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Address of the Merchants, Traders, and others, of Williamsburg


Williamsburg, November 10, 1774.

This afternoon the whole body of Merchants at present in this City, supposed to be between four and five hundred,


waited upon the Honourable Peyton Randolph, Esquire, and the rest of the Delegates of this Colony assembled at the Capitol, and presented the following Address:

To the Honourable PEYTON RANDOLPH, Esquire, Moderator, and the other DELEGATES of the People of VIRGINIA, who assembled at the Capitol, in WILLIAMSBURG, on Wednesday, the ninth of November, 1774:

The Address of the Merchants, Traders, and others, at a General Meeting in WILLIAMSBURG.

GENTLEMEN: Your generous and voluntary interposition at a time when we were under apprehensions that some measures would be adopted derogatory to the importance of the cause we wish to support with propriety, and contrary to the intention of the General Congress; and by your wisdom and prudence pointing out such methods of proceeding as have removed our fears and given universal satisfaction, demands our grateful acknowledgment.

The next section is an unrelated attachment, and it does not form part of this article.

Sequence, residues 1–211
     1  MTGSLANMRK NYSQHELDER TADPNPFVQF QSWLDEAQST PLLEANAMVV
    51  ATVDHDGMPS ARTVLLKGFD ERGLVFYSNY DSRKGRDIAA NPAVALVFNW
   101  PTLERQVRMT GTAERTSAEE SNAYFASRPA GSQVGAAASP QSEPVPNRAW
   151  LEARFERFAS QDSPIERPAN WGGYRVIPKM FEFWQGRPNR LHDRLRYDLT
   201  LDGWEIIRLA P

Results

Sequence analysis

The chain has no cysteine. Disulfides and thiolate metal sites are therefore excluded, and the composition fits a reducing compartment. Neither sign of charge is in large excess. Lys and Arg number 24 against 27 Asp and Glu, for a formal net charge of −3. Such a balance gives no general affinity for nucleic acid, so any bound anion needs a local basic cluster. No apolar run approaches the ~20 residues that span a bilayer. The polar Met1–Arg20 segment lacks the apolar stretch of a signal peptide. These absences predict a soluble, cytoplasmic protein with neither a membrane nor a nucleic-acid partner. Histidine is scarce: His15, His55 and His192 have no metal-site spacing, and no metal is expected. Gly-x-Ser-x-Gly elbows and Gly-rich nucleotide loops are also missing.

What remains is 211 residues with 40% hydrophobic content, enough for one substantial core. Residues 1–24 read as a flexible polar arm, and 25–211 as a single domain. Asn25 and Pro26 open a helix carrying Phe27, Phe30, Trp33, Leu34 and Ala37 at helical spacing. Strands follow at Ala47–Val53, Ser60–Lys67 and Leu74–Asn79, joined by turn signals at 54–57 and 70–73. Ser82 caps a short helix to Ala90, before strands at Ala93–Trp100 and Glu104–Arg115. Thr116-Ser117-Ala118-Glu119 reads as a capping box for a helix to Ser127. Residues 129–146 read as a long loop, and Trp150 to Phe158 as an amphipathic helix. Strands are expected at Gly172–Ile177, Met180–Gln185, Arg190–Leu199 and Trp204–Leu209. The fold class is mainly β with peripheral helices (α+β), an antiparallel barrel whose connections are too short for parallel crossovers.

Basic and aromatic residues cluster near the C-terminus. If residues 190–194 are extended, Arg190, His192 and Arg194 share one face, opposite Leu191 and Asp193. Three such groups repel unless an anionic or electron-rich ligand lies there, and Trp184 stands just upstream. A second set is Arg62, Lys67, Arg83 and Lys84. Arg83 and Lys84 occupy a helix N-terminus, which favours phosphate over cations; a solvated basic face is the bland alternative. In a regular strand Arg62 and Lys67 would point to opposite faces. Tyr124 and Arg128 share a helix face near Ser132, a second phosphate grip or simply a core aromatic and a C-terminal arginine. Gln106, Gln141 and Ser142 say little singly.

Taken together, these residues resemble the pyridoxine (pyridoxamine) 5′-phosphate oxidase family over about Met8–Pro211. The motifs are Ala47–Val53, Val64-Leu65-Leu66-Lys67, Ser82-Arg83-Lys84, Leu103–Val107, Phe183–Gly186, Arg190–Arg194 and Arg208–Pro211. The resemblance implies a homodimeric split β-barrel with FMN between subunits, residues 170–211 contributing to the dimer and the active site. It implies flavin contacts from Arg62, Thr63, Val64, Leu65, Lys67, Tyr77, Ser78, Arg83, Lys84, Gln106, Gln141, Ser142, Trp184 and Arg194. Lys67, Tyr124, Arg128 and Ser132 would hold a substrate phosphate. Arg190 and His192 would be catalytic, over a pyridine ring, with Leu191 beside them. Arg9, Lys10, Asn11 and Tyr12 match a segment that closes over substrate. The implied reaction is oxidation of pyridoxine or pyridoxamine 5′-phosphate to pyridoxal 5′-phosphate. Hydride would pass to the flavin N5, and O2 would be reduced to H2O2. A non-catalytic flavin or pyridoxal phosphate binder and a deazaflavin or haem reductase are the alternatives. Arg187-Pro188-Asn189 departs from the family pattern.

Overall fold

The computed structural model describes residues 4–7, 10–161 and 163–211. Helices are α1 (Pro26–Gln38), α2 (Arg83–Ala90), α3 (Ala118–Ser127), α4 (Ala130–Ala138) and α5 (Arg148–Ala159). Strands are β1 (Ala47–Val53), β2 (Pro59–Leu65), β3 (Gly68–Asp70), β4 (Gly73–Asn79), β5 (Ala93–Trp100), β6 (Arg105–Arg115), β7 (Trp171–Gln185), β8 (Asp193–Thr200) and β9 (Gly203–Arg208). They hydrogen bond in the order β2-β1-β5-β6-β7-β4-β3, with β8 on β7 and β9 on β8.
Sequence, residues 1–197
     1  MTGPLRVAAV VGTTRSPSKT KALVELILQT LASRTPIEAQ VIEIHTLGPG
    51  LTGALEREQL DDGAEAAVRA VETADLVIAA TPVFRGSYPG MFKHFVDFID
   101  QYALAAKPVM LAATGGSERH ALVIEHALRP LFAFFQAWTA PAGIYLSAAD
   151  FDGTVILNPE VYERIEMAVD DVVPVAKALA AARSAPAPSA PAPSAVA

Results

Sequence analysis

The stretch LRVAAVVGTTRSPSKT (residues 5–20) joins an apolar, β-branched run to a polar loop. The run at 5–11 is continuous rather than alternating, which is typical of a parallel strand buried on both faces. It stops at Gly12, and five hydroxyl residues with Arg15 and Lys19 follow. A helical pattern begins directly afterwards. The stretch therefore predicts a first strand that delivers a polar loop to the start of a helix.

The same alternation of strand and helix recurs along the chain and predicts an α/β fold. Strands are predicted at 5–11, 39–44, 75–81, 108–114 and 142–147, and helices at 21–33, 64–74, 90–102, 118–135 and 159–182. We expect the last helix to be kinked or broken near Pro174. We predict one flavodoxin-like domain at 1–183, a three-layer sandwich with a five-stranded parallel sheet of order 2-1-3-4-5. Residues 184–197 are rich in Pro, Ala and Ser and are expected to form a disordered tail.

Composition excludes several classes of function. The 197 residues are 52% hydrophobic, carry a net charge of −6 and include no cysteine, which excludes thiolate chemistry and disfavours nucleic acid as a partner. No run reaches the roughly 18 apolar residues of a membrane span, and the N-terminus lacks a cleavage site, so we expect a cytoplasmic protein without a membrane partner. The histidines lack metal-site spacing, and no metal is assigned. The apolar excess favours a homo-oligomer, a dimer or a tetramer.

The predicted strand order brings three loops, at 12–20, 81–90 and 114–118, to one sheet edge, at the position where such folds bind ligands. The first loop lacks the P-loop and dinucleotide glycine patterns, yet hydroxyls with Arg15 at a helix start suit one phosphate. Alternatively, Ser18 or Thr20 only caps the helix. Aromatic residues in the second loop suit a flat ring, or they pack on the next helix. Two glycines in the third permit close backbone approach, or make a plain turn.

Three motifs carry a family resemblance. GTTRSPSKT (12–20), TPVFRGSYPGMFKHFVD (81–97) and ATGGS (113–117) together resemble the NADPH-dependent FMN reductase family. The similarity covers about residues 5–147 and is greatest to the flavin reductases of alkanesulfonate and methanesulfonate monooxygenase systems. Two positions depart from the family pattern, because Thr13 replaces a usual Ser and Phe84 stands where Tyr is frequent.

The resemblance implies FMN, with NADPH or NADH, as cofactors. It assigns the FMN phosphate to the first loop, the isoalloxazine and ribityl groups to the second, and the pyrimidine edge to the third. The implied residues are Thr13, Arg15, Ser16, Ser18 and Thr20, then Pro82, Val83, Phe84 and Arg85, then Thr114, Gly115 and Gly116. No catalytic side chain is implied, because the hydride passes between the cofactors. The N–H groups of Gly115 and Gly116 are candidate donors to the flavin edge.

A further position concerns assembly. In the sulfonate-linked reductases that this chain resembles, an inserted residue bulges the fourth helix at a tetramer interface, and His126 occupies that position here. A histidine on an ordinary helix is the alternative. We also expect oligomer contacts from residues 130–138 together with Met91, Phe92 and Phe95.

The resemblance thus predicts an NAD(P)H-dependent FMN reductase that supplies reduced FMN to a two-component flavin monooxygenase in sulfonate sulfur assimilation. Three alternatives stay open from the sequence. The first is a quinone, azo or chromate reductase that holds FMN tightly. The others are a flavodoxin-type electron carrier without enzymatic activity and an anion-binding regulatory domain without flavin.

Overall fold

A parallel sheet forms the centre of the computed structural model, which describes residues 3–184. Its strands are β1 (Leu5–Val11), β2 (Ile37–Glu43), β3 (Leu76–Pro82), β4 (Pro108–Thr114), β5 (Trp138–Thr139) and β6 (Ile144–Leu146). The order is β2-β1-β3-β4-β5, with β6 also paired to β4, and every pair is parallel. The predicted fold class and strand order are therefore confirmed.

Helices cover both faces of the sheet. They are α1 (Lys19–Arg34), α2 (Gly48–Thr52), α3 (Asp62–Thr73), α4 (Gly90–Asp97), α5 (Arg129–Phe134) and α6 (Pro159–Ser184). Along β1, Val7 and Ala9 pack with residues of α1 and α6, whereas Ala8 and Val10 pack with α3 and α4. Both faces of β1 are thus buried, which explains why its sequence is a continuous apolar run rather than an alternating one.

Truly sensible of the necessity of preserving peace and harmony, not only between the different Colonies, but also among all ranks and societies in each Colony; and to show our readiness to concur in such prudent measures as are most likely to procure a redress of our grievances, we now present the Association voluntarily and generally signed; and as we, on our parts, resolve to adhere strictly thereto, we hope to be favoured with your advice and assistance on every future emergency.

To which they received the following Answer:

GENTLEMEN: It gives us great satisfaction to find that our conduct has received the approbation of your respectable Body; and you may be assured we shall, on all occasions, endeavour to move on the firm principles of Justice and the Constitution. The Delegates are very sensible of the great advantage this country will receive from your union with them; and they consider it as very meritorious, that you, disregarding the influence of your commercial interest, have generously concurred with them in the great struggle for liberty. Such unanimity, we trust, will convince an inimical Administration of the imprudence of their measures, and produce effects so salutary as to make us reflect with pleasure on the part we have taken in support of American freedom.